Table 2. Descriptive characteristics of the participants in the study sample (P, patient number; M, male; F, female; CI, cochlear implant; BMI, body mass index).
For each participant, in each of the three conditions, up to three trials were recorded. In each trial between three and six strides were obtained with good visibility of all markers. For each variable of interest, the median value over the different number of strides was calculated prior to further analysis. Not all participants were able to complete all three trials in each condition. Reasons for not being able to analyze a trial were poor marker visibility or artifacts in the data due to soft tissue movements. These usually only occurred in one out of three trials so, there were always two remaining trials for analysis. In the ON condition, 20 out of 22 trials were suitable for analysis, 18 out of 22 in the M condition, and 19 out of 22 in the OFF condition. Missing data were treated as missing.
An overview of the mean (±SD) spatiotemporal and kinematic parameters in each condition is provided in Table 3. Joint angular time profiles of one representative individual are demonstrated in different conditions in Figure 2.
Table 3. Mean and SD of the step-time and kinematic parameters when walking with the CI turned on (ON), walking with the CI off (OFF), and walking while listening to music (M).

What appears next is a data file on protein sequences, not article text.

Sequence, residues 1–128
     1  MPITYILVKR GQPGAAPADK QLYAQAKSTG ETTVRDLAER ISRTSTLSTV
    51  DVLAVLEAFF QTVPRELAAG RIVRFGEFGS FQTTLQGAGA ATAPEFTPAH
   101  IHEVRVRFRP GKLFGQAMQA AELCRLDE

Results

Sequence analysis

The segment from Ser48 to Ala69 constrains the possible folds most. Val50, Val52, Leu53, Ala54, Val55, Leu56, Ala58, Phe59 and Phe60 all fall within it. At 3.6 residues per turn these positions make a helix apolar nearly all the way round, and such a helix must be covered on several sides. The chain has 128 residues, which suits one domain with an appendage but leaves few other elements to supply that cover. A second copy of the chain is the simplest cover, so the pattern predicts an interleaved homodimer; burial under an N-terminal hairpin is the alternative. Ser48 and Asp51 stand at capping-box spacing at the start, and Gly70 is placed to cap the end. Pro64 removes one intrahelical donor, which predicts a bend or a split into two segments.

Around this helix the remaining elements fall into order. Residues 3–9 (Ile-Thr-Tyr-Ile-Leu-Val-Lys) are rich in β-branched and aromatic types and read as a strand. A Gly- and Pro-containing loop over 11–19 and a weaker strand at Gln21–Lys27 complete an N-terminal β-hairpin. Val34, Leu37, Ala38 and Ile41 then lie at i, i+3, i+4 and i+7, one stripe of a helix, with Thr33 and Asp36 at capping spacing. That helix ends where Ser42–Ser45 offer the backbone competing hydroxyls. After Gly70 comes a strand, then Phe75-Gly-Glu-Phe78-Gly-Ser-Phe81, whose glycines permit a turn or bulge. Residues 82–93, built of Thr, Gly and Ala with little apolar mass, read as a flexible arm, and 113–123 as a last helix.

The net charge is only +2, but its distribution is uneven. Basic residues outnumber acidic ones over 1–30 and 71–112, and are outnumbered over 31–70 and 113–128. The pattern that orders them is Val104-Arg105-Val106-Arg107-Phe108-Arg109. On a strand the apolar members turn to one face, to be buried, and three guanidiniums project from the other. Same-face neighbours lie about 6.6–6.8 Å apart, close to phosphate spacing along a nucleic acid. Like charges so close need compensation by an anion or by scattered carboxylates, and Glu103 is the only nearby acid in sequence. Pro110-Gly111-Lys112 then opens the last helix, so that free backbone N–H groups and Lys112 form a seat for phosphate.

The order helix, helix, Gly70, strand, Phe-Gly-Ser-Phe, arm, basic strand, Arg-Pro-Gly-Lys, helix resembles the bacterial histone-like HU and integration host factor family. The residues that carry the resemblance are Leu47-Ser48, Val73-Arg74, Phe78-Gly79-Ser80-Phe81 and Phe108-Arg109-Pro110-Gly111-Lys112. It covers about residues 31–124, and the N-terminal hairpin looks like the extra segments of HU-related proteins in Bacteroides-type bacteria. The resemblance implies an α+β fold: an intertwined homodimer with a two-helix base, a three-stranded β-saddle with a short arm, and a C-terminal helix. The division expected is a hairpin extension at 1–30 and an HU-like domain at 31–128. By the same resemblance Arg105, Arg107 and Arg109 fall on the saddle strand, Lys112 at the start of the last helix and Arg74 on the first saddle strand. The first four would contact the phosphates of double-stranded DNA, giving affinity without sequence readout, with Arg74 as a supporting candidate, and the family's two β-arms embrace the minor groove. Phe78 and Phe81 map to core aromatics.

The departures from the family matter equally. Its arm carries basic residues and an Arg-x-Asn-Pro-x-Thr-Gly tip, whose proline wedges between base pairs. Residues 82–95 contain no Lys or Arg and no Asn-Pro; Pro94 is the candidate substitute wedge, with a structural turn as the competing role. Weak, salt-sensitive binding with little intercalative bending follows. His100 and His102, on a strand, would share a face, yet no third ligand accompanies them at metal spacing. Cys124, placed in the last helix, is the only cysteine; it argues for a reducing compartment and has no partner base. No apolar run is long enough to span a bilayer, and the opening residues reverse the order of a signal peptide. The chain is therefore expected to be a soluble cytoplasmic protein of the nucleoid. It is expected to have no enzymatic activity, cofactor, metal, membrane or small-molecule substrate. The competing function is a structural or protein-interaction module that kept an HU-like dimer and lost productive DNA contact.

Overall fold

Figure 2. Joint angular time profiles of one representative individual in different conditions: ON (black solid line), OFF (gray solid line), and M (gray dashed line) compared no normative values (gray band)—the patient with vestibular loss shows a limited range of motion in all joints compared to the normative values. The more dynamic and functional gait pattern in the M condition is revealed by the increased range of motion in the sagittal plane.
In the mixed model ANOVA, a significant main effect of condition was found on stride time [F(2, 100.035) = 21.345, p < 0.001] and stride length [F(2, 100.015) = 23.312, p < 0.001]. No significant effect of condition was found on stance duration [F(2, 99.541) = 0.156, p = 0.881] or step width [F(2, 100.069) = 0.342, p = 0.711].
Regarding the kinematic parameters, the mixed model ANOVA showed a significant main effect of condition on P3 [F(2, 39.064) = 4.819, p = 0.013], K3 [F(2, 39.016) = 5.853, p = 0.006], K4 [F(2, 39.016) = 9.588, p < 0.001], KROM [F(2, 39.009) = 8.252, p = 0.001], and A3 [F(2, 39.042) = 7.429, p = 0.002].
Post Hoc Pairwise Comparisons
Table 4 represents the results from the post hoc pairwise comparisons. Stride time is significantly shorter in OFF (mean = 1.073 s, SD = 0.041 s) and M (mean = 1.060 s, SD = 0.041 s) compared to ON (mean = 1.120 s, SD = 0.041 s) with a mean difference of 0.047 s [(0.024 s, 0.070 s), p < 0.001] and 0.059 s [(0.036 s, 0.083 s), p < 0.001], respectively. Stride length in M (mean = 99.7 cm, SD = 7.2 cm) increases compared to ON (mean = 91.9 cm, SD = 7.2 cm); mean difference 7.8 cm (5.0 cm, 10.6 cm), p < 0.001, and stride length in OFF (mean = 96.5 cm, SD = 7.2 cm) significantly increases; mean difference 4.6 cm (1.9 cm, 7.4 cm), p < 0.001. Stride length in M is also significantly larger compared to OFF [mean difference 3.1 cm (0.3 cm, 6.0 cm), p = 0.028].